The Fruits of Suffering in the Life of John Bunyan

The Lessons of Suffering

John Bunyan’s sufferings strengthened his assurance that God is sovereign over all the afflictions of his people and will bring them safely home. There have always been, as there are today, people who try to solve the problem of suffering by denying the sovereignty of God—that is, the all-ruling providence of God over Satan and over nature and over human hearts. But it is remarkable how many of those who stand by the doctrine of God’s sovereignty over suffering have been those who suffered most and who found in the doctrine the most comfort and help.1

Bunyan was among that number. In 1684, he wrote an exposition for his suffering people based on 1 Peter 4:19, “Let them that suffer according to the will of God commit the keeping of their souls to him in well doing, as unto a faithful Creator” (KJV). The book was called Seasonable Counsel, or Advice to Sufferers. He takes the phrase “according to the will of God” and unfolds the sovereignty of God in it for the comfort of his people.

It is not what enemies will, nor what they are resolved upon, but what God will, and what God appoints; that shall be done. . . . No enemy can bring suffering upon a man when the will of God is otherwise, so no man can save himself out of their hands when God will deliver him up for his glory . . . [just as Jesus showed Peter “by what death he would glorify God,” John 21:19]. We shall or shall not suffer, even as it pleaseth him.2

Suffering comes not by chance, or by the will of man, but by the will and appointment of God.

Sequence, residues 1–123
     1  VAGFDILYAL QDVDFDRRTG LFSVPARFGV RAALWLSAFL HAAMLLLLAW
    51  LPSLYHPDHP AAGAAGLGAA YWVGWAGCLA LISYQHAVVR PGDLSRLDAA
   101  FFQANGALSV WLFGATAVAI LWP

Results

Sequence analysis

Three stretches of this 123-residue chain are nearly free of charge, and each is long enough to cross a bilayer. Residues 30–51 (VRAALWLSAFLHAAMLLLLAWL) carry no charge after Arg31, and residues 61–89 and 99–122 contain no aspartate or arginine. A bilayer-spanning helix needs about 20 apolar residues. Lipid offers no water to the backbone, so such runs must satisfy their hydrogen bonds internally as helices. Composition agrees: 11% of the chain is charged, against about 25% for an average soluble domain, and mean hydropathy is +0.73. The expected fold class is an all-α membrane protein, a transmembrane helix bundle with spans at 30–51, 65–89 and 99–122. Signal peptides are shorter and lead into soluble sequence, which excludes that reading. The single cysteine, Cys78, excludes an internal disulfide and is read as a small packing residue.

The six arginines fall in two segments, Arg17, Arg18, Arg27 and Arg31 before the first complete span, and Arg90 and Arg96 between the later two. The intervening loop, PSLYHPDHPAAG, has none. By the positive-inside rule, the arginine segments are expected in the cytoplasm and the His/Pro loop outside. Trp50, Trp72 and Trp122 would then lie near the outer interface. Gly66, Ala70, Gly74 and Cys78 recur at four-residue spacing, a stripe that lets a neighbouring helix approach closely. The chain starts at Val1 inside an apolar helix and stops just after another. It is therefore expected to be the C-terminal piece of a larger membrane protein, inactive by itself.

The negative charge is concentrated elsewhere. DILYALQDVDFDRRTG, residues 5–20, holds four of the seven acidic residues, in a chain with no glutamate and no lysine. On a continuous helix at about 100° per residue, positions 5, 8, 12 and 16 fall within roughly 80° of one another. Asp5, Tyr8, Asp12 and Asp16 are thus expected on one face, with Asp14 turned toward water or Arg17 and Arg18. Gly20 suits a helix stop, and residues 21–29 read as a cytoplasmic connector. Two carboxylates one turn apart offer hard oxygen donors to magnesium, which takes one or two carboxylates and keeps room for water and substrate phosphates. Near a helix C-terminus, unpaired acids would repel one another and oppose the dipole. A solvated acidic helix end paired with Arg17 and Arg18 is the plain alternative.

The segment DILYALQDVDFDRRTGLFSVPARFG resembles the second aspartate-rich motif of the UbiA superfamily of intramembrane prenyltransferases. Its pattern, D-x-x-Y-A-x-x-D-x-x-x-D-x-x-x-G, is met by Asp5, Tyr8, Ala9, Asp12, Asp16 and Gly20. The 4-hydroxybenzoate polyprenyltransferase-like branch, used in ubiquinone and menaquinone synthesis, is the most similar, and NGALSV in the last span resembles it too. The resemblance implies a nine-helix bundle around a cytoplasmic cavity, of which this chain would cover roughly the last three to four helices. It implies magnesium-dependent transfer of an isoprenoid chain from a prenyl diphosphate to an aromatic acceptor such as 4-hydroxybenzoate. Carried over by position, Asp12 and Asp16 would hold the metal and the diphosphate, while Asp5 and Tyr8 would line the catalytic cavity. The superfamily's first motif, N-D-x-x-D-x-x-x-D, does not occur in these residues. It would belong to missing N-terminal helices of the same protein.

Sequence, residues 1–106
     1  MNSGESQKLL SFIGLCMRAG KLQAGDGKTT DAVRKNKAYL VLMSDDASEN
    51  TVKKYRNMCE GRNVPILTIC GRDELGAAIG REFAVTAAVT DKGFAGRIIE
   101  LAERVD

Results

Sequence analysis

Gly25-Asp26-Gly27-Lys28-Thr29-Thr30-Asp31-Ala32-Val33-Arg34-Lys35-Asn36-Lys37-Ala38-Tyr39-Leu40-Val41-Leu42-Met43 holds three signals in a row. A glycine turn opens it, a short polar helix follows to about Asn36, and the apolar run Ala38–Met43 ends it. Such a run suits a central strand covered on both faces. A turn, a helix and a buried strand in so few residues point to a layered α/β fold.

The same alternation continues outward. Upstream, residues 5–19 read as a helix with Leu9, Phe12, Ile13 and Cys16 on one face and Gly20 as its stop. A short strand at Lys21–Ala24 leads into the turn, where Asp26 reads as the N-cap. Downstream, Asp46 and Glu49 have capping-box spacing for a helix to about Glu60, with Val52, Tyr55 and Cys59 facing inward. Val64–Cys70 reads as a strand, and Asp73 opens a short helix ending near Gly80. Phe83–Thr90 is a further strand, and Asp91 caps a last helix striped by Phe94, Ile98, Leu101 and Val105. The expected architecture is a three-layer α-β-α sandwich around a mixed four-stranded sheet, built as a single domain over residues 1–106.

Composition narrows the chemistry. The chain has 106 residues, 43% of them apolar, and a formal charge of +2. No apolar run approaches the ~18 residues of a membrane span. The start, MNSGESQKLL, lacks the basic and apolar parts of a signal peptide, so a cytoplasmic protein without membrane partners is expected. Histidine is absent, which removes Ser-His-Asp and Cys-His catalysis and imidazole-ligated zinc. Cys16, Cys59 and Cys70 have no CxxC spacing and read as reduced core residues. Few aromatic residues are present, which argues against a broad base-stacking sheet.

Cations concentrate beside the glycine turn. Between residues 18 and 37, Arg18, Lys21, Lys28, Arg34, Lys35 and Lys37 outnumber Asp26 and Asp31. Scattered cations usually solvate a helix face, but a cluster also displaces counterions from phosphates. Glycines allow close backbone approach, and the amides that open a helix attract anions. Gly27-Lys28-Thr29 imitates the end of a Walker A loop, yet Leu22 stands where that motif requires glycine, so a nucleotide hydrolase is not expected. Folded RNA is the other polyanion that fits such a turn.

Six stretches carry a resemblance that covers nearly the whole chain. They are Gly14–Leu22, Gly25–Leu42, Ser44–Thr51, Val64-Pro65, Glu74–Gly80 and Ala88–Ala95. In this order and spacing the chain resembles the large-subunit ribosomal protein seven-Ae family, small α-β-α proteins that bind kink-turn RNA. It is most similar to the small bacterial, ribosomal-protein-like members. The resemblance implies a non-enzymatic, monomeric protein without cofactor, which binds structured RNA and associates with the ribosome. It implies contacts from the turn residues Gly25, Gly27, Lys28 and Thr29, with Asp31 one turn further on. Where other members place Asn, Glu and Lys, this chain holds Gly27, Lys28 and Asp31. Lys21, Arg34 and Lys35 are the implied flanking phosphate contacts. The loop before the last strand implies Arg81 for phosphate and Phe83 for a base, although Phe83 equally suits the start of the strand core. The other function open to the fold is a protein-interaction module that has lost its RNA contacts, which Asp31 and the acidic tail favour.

Thus God has appointed the persons who will suffer, the time of their suffering, the place of their suffering, and how they will suffer.

God Appoints Who Will Suffer

In the first case, “God has appointed who shall suffer. Suffering comes not by chance, or by the will of man, but by the will and appointment of God.” Thus Bunyan cites 1 Thessalonians 3:3, “that no man should be moved by these afflictions: for yourselves know that we are appointed thereunto” (KJV). We must not think that suffering is a strange thing for those who fear God (1 Pet. 4:12). He reminds us and appeals to Revelation 6:11, where the martyrs under the altar in heaven are told “that they should rest for a little while longer, until the number of their fellow servants and their brethren who were to be killed [‘mark that,’ Bunyan says] even as they had been, would be completed also.” An appointed number of martyrs! From which Bunyan concludes, “Suffering for righteousness and for righteousness’ sake, is by the will of God. God has appointed who shall suffer.”3

”My Times Are in Thy Hands”

Second, “God has appointed . . . when they shall suffer for his truth in the world. Sufferings for such and such a man are timed, as to when he shall be tried for his faith.” Hence when Paul was afraid in Corinth, the Lord strengthened him in a dream by saying, “Do not be afraid any longer, but go on speaking and do not be silent; for I am with you, and no man will attack you in order to harm you, for I have many people in this city” (Acts 18:9–10). “His time of suffering,” Bunyan says, “was not yet come there.” In the same way it was said of Jesus, “They sought to take him: but no man laid hands on him, because his hour was not yet come” (John 7:30 KJV). Bunyan concludes, “The times, then, and the seasons, even for the sufferings of the people of God, are not in the hands of their enemies, but in the hand of God; as David said, ‘My times are in thy hand’” (Ps. 31:15 KJV).4